Part 1 of a 5 part blog
Digital seems to be the newest catch-phrase amongst all and sundry. Everyone is saying – we need to go digital, or I am an expert in digitization or phrases to that effect. So the word ‘digital’ – is it new? Is it innovative? is it transformative? Is it different from technology industry led disruption? Or is it just another new catch-phrase popularized by our industry experts to create new hype – with limited substance?
Let’s examine this.
To start with the word ‘Digital’ is nothing new, unlike what our consultants, futurists, technologists and finally the headhunters would like us to believe – there was a firm called ‘Digital Equipment Corp’ founded by Ken Olsen and Harlan Anderson that trademarked ‘Digital’ in 1957! Yes 1957!! The firm Digital was a major player in the computer and technology industry through the 80s and 90s till it was acquired by Compaq in 1999 for a then-record US$9B. At its peak in 1987 Digital employed over 140,000 full time staff. So, in essence, the word Digital is nothing new!
So why this hype now? Is it just another case of consultant-created-hype? And while a couple of decades ago, the word Digital meant a firm, an enterprise manufacturing innovative personal computing; what does it mean now?
Let me try and elucidate what the word ‘Digital’ actually means and my personal take on it, but before we do that, lets list out the 5 key trends that are transforming business (actually life) as we know it. Most of them are well defined and I am going to merely list them at this stage.
- Attention spans & behaviour patterns – the attention spans have decreased by over 50% in the past 20 years – they stand at about 6 seconds now. To put this into context, the average goldfish has an attention span of 9 seconds. This begs a question – how does an enterprise deliver accurate & relevant content on the right channel (Alexa, mobile, google nest, whatever..) in less than 7 seconds to ensure the viewer feels interested enough to dig deeper into the proposition?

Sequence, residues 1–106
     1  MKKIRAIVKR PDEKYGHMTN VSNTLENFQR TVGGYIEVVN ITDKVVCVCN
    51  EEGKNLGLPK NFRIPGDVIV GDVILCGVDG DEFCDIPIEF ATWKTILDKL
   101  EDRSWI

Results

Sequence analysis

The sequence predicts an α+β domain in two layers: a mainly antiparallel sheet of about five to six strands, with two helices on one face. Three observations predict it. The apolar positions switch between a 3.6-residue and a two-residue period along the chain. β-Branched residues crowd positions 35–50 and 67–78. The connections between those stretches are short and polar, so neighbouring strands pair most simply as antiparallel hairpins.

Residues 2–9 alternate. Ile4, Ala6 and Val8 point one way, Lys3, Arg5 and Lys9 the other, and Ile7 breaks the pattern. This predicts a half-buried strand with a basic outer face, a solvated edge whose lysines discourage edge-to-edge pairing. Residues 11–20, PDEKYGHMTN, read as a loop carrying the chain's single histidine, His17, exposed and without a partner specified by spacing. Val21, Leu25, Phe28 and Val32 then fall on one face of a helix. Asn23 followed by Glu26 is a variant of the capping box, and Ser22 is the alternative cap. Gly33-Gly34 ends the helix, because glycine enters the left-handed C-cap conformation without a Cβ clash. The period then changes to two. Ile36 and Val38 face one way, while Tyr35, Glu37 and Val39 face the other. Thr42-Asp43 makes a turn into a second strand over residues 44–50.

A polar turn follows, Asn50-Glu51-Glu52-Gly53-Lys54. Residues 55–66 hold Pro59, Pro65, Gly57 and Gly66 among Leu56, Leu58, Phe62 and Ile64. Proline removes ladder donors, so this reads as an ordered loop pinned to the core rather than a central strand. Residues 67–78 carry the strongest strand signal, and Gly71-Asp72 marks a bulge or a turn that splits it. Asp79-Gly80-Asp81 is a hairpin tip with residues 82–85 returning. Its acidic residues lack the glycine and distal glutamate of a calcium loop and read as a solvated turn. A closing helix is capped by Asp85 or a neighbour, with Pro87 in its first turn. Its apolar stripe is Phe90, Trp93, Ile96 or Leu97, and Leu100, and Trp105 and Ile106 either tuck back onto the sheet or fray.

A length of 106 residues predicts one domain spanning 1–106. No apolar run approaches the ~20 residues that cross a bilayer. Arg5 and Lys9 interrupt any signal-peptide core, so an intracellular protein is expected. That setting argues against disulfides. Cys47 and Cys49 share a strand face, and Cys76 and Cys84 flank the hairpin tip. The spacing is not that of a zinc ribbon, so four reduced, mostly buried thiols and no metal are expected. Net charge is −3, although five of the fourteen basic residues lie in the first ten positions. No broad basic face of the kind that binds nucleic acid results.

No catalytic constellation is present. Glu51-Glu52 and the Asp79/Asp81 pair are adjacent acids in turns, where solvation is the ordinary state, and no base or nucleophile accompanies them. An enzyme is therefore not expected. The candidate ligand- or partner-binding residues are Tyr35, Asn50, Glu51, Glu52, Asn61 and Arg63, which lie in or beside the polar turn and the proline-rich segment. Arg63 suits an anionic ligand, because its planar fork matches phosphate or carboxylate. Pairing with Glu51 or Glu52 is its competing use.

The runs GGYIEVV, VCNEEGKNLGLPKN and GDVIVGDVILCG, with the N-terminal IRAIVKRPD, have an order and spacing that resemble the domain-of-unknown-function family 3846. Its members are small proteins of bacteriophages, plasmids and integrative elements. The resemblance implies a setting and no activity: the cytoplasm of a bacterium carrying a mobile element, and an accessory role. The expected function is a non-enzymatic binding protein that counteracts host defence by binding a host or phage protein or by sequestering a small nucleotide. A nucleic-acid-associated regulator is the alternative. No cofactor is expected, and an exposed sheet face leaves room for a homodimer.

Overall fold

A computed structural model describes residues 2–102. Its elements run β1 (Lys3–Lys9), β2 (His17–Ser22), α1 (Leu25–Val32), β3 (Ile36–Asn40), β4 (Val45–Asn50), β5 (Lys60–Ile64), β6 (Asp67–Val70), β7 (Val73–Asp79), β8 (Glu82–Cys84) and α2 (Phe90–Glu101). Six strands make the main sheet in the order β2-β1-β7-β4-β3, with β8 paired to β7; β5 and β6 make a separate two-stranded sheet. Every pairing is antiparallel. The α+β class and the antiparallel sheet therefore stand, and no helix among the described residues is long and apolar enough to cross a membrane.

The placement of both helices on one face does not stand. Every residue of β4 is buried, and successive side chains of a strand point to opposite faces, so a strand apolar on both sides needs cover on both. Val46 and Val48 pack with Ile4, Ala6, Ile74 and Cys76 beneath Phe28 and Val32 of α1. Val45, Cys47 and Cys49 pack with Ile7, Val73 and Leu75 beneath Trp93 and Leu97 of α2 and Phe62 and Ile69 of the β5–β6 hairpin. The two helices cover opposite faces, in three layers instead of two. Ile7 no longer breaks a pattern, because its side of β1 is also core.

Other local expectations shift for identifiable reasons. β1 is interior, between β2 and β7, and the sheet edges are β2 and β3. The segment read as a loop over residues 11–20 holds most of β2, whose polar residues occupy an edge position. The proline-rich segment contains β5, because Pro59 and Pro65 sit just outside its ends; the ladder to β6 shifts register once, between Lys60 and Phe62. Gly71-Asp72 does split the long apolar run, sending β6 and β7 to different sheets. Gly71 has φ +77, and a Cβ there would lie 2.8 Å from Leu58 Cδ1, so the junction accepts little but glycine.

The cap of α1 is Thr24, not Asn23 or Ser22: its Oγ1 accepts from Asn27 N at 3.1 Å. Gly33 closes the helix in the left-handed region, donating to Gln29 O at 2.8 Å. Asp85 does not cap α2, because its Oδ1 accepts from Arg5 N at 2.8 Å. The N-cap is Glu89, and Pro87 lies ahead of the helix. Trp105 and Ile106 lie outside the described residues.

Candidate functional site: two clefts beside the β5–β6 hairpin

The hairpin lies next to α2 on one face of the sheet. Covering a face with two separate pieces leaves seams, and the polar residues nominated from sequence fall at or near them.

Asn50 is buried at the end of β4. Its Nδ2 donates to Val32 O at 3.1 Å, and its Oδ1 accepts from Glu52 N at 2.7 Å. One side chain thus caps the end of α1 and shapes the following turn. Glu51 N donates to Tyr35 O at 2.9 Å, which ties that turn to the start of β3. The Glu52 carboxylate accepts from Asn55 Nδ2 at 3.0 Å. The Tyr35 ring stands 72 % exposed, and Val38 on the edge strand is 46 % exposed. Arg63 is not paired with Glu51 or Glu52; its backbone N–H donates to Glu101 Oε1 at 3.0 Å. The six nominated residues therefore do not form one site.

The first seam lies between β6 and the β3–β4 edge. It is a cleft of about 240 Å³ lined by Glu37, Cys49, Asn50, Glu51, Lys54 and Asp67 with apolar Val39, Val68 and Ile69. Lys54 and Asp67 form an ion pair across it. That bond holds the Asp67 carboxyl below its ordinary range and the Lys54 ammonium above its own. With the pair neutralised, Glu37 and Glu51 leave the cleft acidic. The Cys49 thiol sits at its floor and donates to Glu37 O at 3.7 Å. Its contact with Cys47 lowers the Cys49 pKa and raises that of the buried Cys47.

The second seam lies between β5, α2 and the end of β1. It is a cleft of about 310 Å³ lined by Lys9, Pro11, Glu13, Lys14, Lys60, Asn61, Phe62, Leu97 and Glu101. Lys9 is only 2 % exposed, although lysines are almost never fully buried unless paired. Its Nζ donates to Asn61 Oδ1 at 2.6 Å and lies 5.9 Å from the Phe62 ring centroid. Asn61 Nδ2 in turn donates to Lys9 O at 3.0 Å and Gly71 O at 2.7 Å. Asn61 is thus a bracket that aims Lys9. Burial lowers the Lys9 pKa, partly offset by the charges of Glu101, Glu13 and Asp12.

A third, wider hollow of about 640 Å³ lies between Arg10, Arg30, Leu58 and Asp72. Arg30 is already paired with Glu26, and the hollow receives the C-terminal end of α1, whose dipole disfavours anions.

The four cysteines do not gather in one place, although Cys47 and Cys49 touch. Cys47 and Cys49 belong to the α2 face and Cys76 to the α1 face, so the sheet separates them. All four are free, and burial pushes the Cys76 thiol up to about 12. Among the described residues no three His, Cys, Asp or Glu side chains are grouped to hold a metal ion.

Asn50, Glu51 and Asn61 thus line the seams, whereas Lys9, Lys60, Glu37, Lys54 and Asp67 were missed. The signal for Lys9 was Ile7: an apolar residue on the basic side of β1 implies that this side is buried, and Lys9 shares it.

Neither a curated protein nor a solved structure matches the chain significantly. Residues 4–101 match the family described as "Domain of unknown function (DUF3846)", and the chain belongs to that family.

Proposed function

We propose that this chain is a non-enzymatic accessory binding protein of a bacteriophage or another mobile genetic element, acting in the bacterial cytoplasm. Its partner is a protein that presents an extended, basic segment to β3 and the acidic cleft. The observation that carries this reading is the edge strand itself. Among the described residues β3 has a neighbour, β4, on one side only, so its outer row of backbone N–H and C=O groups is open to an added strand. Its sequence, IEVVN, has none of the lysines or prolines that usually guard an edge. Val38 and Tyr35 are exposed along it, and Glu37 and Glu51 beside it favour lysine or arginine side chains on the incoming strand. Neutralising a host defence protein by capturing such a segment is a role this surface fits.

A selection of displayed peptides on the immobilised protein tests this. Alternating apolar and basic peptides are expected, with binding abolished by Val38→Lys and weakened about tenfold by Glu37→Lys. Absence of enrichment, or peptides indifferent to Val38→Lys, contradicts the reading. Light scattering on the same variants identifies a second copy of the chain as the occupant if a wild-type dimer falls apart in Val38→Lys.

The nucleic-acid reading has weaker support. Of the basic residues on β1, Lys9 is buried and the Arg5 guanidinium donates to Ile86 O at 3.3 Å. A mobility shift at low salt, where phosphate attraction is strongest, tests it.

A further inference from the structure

- Increasing pace of change – thanks to ubiquitous technology and ease of development tools, the pace of change has dramatically increased – and it is constantly increasing.
- Era of big data, AA, AI, ML – what was Moore’s law for computing is now relevant for big data – and our research suggests very few firms use data effectively to create sustainable value
- Compliance, Privacy & Security – With great power (tech platforms, data, analytics) come great risks (cyber threats, privacy, enhanced reporting) and platforms increasingly are tasked with proactive user approvals to authentication, encryption at rest and motion and increasing focus on industry accreditation like GDPR, HIPAA etc.
- Enterprise technology isn’t meeting user demands – finally, it is fairly obvious that enterprise technology is rarely meeting user demands, users are demanding a Facebook or Spotify – rather difficult when half of the US banks use Cobol as their core transaction engine. Some Australian banks are trying to implement a front office ‘digital’ platform alone which completely misses the point.
So, what does digital mean and has it fundamentally changed since the time of the Internet in the mid-nineties?
I daresay no – it remains the same & expressed one succinct phrase: it is essentially the democratization of data, technology and business models, ensuring equity and protection for all.
My point is simple – fundamentally nothing has changed – digital remains at the cross section of business models (or any model), technology and data & while the importance of data may have increased significantly over the past 20 years but the three key pillars haven’t!
So in effect: the term Digital for me answers one simple question: “how do enterprises democratise the development of technology and ensure equity and protection for all?”
In my next blog I shall discuss the Foundational attributes, the Strategic levers and the Technology model that will further illustrate my point.